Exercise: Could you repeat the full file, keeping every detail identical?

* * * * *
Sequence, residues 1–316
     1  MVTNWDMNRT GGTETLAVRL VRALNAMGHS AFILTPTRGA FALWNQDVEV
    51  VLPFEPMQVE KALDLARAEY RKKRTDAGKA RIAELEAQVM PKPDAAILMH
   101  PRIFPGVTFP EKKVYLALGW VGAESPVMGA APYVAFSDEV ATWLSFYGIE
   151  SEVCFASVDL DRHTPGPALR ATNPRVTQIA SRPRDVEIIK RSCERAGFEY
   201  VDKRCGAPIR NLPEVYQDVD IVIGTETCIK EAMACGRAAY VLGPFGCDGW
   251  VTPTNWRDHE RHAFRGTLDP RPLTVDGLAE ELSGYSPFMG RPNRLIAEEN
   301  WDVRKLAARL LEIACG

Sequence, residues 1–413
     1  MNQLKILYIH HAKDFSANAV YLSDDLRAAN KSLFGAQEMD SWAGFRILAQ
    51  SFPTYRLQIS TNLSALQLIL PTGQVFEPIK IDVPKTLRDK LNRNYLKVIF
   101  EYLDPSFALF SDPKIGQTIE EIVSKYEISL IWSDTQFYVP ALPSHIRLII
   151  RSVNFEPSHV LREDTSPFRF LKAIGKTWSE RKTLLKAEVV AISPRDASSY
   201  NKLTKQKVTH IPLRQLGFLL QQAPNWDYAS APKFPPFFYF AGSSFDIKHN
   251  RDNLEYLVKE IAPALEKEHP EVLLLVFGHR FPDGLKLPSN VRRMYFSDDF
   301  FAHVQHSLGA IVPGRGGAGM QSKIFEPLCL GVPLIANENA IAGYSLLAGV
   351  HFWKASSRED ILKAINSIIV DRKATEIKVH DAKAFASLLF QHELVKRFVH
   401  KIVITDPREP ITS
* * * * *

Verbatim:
Sequence, residues 1–316
     1  MVTNWDMNRT GGTETLAVRL VRALNAMGHS AFILTPTRGA FALWNQDVEV
    51  VLPFEPMQVE KALDLARAEY RKKRTDAGKA RIAELEAQVM PKPDAAILMH
   101  PRIFPGVTFP EKKVYLALGW VGAESPVMGA APYVAFSDEV ATWLSFYGIE
   151  SEVCFASVDL DRHTPGPALR ATNPRVTQIA SRPRDVEIIK RSCERAGFEY
   201  VDKRCGAPIR NLPEVYQDVD IVIGTETCIK EAMACGRAAY VLGPFGCDGW
   251  VTPTNWRDHE RHAFRGTLDP RPLTVDGLAE ELSGYSPFMG RPNRLIAEEN
   301  WDVRKLAARL LEIACG

Sequence, residues 1–413
     1  MNQLKILYIH HAKDFSANAV YLSDDLRAAN KSLFGAQEMD SWAGFRILAQ
    51  SFPTYRLQIS TNLSALQLIL PTGQVFEPIK IDVPKTLRDK LNRNYLKVIF
   101  EYLDPSFALF SDPKIGQTIE EIVSKYEISL IWSDTQFYVP ALPSHIRLII
   151  RSVNFEPSHV LREDTSPFRF LKAIGKTWSE RKTLLKAEVV AISPRDASSY
   201  NKLTKQKVTH IPLRQLGFLL QQAPNWDYAS APKFPPFFYF AGSSFDIKHN
   251  RDNLEYLVKE IAPALEKEHP EVLLLVFGHR FPDGLKLPSN VRRMYFSDDF
   301  FAHVQHSLGA IVPGRGGAGM QSKIFEPLCL GVPLIANENA IAGYSLLAGV
   351  HFWKASSRED ILKAINSIIV DRKATEIKVH DAKAFASLLF QHELVKRFVH
   401  KIVITDPREP ITS